Instinct is what you rely on when logic leaves your brain. And believe me, when you get conditions like this in front of your lens, logic will depart. In a hurry. You’ll be left with the most beautiful scene anyone on this earth has ever laid eyes on, and you’ll be bumbling around like a teenager in a Victoria’s Secret store.
Take a deep breath. And rely on what you have done so many times before. Which brings me to my point–if you haven’t done it “so many times before”, you’ll not have much to fall back on when things hit the fan in a good way.
Practice really does make perfect. And in the end, it is a simple practice of sorts that will capture moments like this for all of time. The more you shoot, the more you learn. The more you learn, the more capable you are of handling whatever happens to present itself in front of your lens. Interestingly enough, we only think of practice coming in handy when things go bad. But what about when things go…good??? When conditions are best for capturing five-star imagery is when you will feel the most pressure to perform. Because there’s no reason you shouldn’t come home with something spectacular. And really, there’s no excuse if you’ve done your homework and have…practiced.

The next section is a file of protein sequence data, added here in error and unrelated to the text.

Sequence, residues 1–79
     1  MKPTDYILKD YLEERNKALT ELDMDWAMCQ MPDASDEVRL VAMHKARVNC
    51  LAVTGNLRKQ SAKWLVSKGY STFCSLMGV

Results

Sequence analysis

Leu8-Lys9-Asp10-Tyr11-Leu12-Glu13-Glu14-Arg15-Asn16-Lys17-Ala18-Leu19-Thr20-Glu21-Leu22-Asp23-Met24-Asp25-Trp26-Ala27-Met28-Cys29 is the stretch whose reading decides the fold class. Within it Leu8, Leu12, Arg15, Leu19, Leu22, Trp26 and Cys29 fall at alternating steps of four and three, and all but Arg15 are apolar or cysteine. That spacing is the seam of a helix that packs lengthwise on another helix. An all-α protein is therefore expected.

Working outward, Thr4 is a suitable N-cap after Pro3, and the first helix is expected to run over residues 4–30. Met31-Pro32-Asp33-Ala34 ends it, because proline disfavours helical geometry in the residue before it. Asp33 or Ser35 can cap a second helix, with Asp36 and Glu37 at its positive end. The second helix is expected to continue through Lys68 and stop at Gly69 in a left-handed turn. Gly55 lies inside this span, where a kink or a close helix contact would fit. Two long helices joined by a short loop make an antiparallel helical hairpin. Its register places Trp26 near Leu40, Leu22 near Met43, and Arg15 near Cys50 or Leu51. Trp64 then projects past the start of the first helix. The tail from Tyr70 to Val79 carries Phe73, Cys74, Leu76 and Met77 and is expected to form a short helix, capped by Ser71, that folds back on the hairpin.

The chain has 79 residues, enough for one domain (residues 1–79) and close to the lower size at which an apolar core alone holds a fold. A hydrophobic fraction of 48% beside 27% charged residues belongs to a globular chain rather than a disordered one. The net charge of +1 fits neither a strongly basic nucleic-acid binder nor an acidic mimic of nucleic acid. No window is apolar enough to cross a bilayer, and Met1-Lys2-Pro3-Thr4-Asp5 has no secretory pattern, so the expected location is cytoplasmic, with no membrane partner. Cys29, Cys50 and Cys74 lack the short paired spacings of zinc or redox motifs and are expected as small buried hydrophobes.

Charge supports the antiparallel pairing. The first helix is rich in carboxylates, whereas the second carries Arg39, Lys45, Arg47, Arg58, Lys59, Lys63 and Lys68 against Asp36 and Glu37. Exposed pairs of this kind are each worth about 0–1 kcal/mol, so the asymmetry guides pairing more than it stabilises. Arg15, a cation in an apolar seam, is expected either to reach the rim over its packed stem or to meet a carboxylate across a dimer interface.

On a near daily basis I receive emails from aspiring photographers, curious as to how I made it to where I am and if I have any advice that may help them in their quest. It is both humbling and gratifying to know that others think my thoughts have enough merit to better them as a budding photographer and business person. Let me be clear that I feel I am by no means “there” as a photographer, but I feel that I’m certainly somewhere on the way to “there”. I know I’m much closer to “there” than I was two or three years ago.